The purpose of the Mountain View Housing Justice Coalition is to promote the rights of tenants across all rental units, including mobile home spaces; to protect against unjustified rent increases and evictions without cause; to end the displacement of individuals and families occupying naturally affordable housing; to end arbitrary and discriminatory actions by property owners and their representatives; to protect vehicle residents against harassment and exclusion; and to advocate for the development of affordable housing in the City of Mountain View.
A vision of a world in which:
Housing is recognized as a human right. The 1948 Universal Declaration of Human Rights states that “Everyone has the right to a standard of living adequate for the health and well-being of himself and of his family, including food, clothing, housing and medical care and necessary social services.” [http://www.un.org/en/universal-declaration-human-rights/index.html] All people have a right to decent, safe, and healthy housing conditions.
Housing is affordable and accessible to all. California state law requires cities to make “adequate provision for the housing needs of all economic segments of the community.” [http://leginfo.legislature.ca.gov/faces/codes_displaySection.xhtml?sectionNum=65580.&lawCode=GOV] The City of Mountain View’s General Plan affirms our city’s commitment to “Support the development of both rental and ownership housing serving a broad range of incomes, particularly extremely low-, very low-, and low-income households.” [https://www.mountainview.gov/civicax/filebank/blobdload.aspx?BlobID=15284] True affordability means that households should not have to sacrifice other basic needs in order to pay for housing; housing costs should not be an unreasonable burden.
Housing is stable. The Mountain View Community Stabilization and Fair Rent Act affirms that “eviction from residential housing imposes adverse impacts on the displaced Tenants, including numerous financial costs” [https://library.municode.com/ca/mountain_view/codes/code_of_ordinances?nodeId=PTITHCH_ARTXVIICOSTFAREAC]. A strong and healthy community requires that all people be free from arbitrary and unpredictable changes in their housing, including evictions, foreclosures, and unreasonable increases in rents, property taxes, or space rents for mobile homes. Individuals and communities should be protected from displacement.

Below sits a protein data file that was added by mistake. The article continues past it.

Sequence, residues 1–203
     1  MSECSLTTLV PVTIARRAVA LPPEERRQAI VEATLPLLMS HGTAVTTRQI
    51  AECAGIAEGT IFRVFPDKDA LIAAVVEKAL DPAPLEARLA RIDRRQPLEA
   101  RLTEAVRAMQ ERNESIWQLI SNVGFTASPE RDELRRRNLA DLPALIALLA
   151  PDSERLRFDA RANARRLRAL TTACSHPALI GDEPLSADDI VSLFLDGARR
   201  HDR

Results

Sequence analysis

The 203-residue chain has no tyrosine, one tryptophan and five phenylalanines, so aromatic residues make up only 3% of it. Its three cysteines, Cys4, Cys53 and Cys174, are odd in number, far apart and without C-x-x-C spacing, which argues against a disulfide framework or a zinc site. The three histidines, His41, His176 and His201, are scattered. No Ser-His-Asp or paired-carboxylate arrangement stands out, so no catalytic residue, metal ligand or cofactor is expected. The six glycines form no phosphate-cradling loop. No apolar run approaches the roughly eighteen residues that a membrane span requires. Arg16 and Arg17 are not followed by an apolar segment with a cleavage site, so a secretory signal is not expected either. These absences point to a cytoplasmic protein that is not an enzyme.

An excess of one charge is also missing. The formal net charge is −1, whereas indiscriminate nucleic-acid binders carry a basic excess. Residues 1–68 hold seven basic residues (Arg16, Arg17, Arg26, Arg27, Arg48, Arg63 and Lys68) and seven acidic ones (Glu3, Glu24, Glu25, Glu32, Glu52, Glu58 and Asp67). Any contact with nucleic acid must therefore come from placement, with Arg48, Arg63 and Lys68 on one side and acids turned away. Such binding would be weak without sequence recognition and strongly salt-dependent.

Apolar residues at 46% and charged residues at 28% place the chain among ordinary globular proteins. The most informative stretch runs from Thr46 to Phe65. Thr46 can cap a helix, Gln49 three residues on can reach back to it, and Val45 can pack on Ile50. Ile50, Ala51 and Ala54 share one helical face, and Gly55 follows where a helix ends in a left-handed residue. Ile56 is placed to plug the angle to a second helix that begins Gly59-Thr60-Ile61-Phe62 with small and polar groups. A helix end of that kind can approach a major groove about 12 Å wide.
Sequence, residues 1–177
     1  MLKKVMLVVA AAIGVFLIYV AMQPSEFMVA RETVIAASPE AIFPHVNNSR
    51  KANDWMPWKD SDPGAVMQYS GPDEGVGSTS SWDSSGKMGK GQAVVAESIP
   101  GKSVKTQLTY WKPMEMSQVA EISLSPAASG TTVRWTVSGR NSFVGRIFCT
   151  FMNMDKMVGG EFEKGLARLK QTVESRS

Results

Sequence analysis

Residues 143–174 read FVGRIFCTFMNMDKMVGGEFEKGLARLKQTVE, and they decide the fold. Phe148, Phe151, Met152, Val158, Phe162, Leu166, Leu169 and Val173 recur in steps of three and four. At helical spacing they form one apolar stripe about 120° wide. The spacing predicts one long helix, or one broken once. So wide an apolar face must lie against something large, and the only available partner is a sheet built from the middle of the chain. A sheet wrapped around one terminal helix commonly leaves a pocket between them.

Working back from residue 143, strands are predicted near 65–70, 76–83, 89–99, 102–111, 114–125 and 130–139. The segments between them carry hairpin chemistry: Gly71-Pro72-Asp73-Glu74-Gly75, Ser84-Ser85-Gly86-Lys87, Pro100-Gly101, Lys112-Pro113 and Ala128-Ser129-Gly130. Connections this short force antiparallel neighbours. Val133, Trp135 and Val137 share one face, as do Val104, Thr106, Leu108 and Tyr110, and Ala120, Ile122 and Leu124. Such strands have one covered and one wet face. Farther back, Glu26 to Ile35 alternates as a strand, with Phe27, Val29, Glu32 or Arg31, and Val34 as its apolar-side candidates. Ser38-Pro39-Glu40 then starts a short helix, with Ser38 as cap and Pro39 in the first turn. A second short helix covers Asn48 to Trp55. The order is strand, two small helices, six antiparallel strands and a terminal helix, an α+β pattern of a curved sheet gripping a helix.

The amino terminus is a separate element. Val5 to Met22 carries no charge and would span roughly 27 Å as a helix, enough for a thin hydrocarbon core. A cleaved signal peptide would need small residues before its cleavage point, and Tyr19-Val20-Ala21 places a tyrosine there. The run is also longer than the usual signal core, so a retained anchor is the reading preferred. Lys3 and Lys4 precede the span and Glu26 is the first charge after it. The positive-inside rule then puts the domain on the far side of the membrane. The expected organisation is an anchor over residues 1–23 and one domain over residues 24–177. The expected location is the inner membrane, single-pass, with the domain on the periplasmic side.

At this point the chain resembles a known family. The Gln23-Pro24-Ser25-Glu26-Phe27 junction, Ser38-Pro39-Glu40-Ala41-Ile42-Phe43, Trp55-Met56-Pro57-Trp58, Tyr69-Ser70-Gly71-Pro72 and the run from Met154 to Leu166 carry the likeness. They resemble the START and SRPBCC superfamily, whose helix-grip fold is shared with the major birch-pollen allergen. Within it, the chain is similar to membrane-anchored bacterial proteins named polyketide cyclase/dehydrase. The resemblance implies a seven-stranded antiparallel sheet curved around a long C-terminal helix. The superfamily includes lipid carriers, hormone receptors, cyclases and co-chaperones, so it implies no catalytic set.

Housing is equitable. In accordance with U.S. [https://www.hud.gov/program_offices/fair_housing_equal_opp] and California law [https://www.dfeh.ca.gov/housing/], no one should face discrimination in housing on the basis of race, color, ancestry, national origin, religion, sex, gender, sexual orientation, gender identity, gender expression, genetic information, marital or familial status, source of income, or mental or physical disability. Anti-discrimination laws should be vigorously enforced, and those who assert their rights should be free from retaliation. No person or group should have their housing options limited, or face undue environmental hazards or burdens, on the basis of any the above factors.
Housing is inclusive. Housing should be planned with the full, democratic participation of all stakeholders, including especially those who have historically been excluded from policymaking such as low-income communities and communities of color.
Housing justice cannot be achieved without racial justice. From the history of redlining to predatory mortgage lending to our current gentrification crisis, we cannot address the housing issues of our community without working to dismantle racist systems.
The Mountain View Housing Justice Coalition stands in solidarity with the Black Lives Matter movement and the ongoing struggle to end state-sanctioned violence, liberate Black people, and end white supremacy forever.
Words spoken by Martin Luther King a half century ago are still relevant:
“Certain conditions continue to exist in our society, which must be condemned as vigorously as we condemn riots. But in the final analysis, a riot is the language of the unheard. And what is it that America has failed to hear? It has failed to hear that the plight of the Negro poor has worsened over the last few years. It has failed to hear that the promises of freedom and justice have not been met. And it has failed to hear that large segments of white society are more concerned about tranquility and the status quo than about justice, equality and humanity. And so in a real sense our nation’s summers of riots are caused by our nation’s winters of delay. And as long as America postpones justice, we stand in the position of having these recurrences of violence and riots over and over again.”